Thursday, October 2, 2014

Torture in Harbin Drug Cases Met with Little Punishment

Seven defendants stand trial for torture at the appellate court, Harbin Intermediate People's Court, in August. Image credit:

A recent court case in the northeastern city of Harbin is shining new light on some of the extremes to which police investigators occassionally go to get criminal suspects to confess in China. It also raises new questions about whether the Chinese criminal justice system punishes the perpetrators of torture severely enough to act as a deterrent.

Last May, a court in Harbin convicted seven defendants of coercing confessions through torture in connection with seven separate incidents, all committed in March 2013. The court imposed sentences ranging from a suspended one-year prison sentence to two-and-a-half years in prison. At least one of the defendants appealed the verdict, landing the case at the Harbin Intermediate People’s Court for an appellate hearing at the end of August.

The court found evidence of what appeared to be routine use of electric shock and other physical torture in the investigation of drug cases by officers at the Daowai District Branch Public Security Bureau. One suspect recalled being handcuffed to a metal chair and shocked with electric batons. Mustard oil was poured up his nose. When he refused to tell police where he got his drugs, they took off his shoe and applied wires to one of his toes. The wires were then connected to an old-fashioned military crank telephone, which sent a current of 120 volts through his body as they cranked it, causing his entire body to convulse.

The same technique was used during another drug investigation that same month. Again, a drug suspect surnamed Liang was handcuffed to a chair. When he began to shout, a towel was stuffed in his mouth. One interrogator began beating Liang in the face with the sole of a shoe. During this ordeal, Liang lost consciousness. By the time they realized that something was wrong, he was dead.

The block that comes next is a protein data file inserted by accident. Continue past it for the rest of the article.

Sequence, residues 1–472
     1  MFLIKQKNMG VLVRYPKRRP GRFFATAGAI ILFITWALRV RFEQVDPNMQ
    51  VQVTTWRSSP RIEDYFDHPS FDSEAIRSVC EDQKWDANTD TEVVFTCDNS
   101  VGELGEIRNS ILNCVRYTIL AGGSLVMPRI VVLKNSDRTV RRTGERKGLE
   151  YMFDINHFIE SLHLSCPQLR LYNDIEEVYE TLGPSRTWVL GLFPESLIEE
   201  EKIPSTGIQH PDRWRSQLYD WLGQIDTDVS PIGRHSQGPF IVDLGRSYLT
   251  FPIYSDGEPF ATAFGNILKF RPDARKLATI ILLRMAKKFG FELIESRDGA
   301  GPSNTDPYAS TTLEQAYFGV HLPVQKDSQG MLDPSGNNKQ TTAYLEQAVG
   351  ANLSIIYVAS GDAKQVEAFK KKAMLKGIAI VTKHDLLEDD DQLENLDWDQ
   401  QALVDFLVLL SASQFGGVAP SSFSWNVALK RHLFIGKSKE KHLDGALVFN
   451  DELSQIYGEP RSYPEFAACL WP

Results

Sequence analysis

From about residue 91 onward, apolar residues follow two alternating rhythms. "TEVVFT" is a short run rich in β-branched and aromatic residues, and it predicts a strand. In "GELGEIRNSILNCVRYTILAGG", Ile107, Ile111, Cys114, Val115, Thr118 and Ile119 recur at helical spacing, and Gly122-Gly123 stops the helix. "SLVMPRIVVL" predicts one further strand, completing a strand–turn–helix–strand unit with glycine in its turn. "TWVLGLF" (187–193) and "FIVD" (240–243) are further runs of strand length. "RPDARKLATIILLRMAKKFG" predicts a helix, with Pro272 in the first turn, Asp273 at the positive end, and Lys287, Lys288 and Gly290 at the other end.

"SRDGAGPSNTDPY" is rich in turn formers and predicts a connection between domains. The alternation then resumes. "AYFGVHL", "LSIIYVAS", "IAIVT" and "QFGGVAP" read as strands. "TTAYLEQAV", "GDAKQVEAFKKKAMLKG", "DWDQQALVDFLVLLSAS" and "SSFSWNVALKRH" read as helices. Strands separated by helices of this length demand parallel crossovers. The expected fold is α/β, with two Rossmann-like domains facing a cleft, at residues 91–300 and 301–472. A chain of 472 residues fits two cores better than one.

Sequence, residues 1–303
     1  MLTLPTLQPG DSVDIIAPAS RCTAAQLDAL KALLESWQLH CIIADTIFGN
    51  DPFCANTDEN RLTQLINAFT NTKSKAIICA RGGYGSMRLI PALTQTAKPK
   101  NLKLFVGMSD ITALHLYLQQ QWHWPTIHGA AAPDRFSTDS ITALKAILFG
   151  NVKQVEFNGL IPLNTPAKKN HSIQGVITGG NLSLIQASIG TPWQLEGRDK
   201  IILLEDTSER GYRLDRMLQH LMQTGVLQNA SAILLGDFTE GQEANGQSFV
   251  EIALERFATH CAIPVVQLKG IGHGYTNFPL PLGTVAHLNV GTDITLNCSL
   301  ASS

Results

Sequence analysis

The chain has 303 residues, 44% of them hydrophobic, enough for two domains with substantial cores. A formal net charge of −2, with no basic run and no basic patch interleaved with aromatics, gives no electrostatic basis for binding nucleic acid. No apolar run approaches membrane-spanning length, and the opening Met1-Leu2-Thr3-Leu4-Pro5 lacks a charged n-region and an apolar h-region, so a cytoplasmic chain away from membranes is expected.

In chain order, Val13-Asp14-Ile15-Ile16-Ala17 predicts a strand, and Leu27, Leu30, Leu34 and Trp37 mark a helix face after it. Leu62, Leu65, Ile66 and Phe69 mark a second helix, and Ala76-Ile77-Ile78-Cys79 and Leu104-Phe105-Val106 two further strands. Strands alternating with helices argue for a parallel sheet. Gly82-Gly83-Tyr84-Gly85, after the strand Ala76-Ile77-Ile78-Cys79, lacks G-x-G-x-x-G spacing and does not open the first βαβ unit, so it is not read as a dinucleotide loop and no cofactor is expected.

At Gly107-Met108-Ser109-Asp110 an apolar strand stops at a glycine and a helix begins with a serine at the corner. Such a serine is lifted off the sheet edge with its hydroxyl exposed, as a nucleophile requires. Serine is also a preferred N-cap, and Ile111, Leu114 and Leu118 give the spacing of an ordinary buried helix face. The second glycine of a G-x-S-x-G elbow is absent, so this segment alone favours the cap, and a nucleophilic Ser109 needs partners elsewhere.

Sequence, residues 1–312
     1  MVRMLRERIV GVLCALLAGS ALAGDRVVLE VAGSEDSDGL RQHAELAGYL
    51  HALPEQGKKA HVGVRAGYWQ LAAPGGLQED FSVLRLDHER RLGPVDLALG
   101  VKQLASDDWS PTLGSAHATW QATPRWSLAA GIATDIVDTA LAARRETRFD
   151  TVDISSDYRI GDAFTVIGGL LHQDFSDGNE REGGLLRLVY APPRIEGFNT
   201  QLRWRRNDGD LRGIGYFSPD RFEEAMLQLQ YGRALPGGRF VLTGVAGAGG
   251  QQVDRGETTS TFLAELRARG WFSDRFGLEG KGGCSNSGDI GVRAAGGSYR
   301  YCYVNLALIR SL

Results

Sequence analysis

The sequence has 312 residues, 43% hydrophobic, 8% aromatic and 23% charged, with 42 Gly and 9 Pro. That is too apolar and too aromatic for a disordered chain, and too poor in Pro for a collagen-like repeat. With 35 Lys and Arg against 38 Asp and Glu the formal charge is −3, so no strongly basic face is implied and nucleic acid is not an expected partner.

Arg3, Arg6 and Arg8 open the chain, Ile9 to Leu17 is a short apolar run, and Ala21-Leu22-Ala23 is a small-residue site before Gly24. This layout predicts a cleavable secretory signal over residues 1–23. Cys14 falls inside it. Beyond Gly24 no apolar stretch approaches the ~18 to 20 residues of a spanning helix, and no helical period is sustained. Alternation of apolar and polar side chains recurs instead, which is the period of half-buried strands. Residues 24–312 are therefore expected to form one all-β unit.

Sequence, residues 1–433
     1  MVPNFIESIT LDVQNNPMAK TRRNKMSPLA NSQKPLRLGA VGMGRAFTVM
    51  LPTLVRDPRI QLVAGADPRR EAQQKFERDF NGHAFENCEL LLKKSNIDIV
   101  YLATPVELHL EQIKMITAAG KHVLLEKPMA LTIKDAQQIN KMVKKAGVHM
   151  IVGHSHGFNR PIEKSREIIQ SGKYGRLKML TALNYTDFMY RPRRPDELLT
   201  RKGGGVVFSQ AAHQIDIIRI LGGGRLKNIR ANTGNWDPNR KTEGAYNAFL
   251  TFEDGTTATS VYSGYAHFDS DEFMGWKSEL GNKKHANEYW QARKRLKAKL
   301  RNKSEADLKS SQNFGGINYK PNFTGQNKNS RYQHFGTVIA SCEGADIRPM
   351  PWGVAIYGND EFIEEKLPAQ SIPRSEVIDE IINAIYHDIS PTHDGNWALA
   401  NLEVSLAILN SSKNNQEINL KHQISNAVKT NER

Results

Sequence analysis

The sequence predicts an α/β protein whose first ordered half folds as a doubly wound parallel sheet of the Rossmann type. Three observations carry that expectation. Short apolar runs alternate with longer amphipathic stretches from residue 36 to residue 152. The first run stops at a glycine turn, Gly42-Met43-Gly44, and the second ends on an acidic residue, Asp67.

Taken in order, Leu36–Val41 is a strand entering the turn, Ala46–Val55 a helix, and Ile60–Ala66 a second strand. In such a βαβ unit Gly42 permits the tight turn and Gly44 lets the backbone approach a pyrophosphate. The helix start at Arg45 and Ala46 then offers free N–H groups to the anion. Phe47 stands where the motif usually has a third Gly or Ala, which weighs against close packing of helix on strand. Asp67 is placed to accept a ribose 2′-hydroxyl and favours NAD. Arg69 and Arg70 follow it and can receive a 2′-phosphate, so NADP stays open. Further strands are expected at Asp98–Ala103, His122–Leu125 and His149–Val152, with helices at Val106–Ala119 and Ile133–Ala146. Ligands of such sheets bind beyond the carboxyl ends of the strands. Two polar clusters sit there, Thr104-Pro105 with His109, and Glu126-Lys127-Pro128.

One of the unusual things about this case is that only three of the defendants were police officers. Most of the defendants, including the ones responsible for carrying out most of the actual physical torture, were what is commonly known as “special informants” (teqing, or teshu qingbao renyuan). Police investigators often rely on these informants to provide information or leads that can help them crack cases. In this instance, however, it seems that police were also delegating some of their authority to carry out interrogations—or at least using special informants to do some of their dirty work for them.

Another thing that has attracted attention about the case is the relatively light sentences, especially considering that one victim of torture apparently died during interrogation. As legal scholar Wang Gangqiao pointed out in an opinion piece published in The Beijing News on September 23, the maximum penalty for coercing confessions through torture is three years’ imprisonment, but torture resulting in serious injury or death should be punished according to the more serious offenses of intentional injury or homicide. He questions the court’s failure to hand down more serious penalties in this case, even hinting at the possibility of collusion between law-enforcement authorities to prevent torturers from being held fully accountable.

According to reports, however, local prosecutors lacked evidence to bring homicide charges because police cremated the body of the deceased as the incident was under investigation. As a consequence, a deputy chief at the Daowai Public Security Bureau who ordered the cremation has since been put on trial for abuse of power.

Use of torture to extract confessions is a problem in many countries, especially in situations where investigators lack the skill or experience to build a case through other means. But acceptance of torture can also become part of an institutional mindset, especially when there are expectations of impunity. In this case, the highly politicized nature of China’s “People’s War on Drugs” and the criminal justice system’s long-standing reliance on confession to secure convictions appear to have been contributing factors.

Don’t Let Harbin Torture Trial Serve as Negative Model

Wang Gangqiao
The Beijing News, 23 September 2014

Recently, the trial of Wu Yan and others charged with extracting confessions through torture entered the second-instance appellate phase in Harbin. Earlier, the court of first instance found evidence of seven instances of torture, all occurring in March 2013. Official reporting on the case said “the methods used to extract confessions were extremely vile.” [One defendant,] Wu Yan, was sentenced to two-and-a-half years’ imprisonment. [Another,] Zhao Xiaoguang, received a one-year sentence, suspended for a year. All of the other defendants in the first-instance trial received sentences of between one and two years in prison.